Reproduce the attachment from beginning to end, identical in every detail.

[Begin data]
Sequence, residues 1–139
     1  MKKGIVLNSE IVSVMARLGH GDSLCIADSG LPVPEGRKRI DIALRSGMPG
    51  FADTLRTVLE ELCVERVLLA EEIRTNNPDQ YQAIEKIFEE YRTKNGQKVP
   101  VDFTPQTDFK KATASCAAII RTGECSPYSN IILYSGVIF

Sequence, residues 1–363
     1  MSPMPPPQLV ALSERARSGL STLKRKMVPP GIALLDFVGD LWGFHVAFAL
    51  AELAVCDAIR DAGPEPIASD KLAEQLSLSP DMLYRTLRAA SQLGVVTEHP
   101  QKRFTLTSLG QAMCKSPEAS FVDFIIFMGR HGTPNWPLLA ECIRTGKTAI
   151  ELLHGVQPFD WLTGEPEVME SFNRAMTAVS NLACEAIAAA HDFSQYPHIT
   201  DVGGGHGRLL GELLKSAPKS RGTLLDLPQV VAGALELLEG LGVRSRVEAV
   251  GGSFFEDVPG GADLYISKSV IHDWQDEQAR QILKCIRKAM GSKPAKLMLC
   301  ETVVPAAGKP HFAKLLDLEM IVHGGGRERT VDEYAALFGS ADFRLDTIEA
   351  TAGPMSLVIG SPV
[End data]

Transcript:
Sequence, residues 1–139
     1  MKKGIVLNSE IVSVMARLGH GDSLCIADSG LPVPEGRKRI DIALRSGMPG
    51  FADTLRTVLE ELCVERVLLA EEIRTNNPDQ YQAIEKIFEE YRTKNGQKVP
   101  VDFTPQTDFK KATASCAAII RTGECSPYSN IILYSGVIF

Sequence, residues 1–363
     1  MSPMPPPQLV ALSERARSGL STLKRKMVPP GIALLDFVGD LWGFHVAFAL
    51  AELAVCDAIR DAGPEPIASD KLAEQLSLSP DMLYRTLRAA SQLGVVTEHP
   101  QKRFTLTSLG QAMCKSPEAS FVDFIIFMGR HGTPNWPLLA ECIRTGKTAI
   151  ELLHGVQPFD WLTGEPEVME SFNRAMTAVS NLACEAIAAA HDFSQYPHIT
   201  DVGGGHGRLL GELLKSAPKS RGTLLDLPQV VAGALELLEG LGVRSRVEAV
   251  GGSFFEDVPG GADLYISKSV IHDWQDEQAR QILKCIRKAM GSKPAKLMLC
   301  ETVVPAAGKP HFAKLLDLEM IVHGGGRERT VDEYAALFGS ADFRLDTIEA
   351  TAGPMSLVIG SPV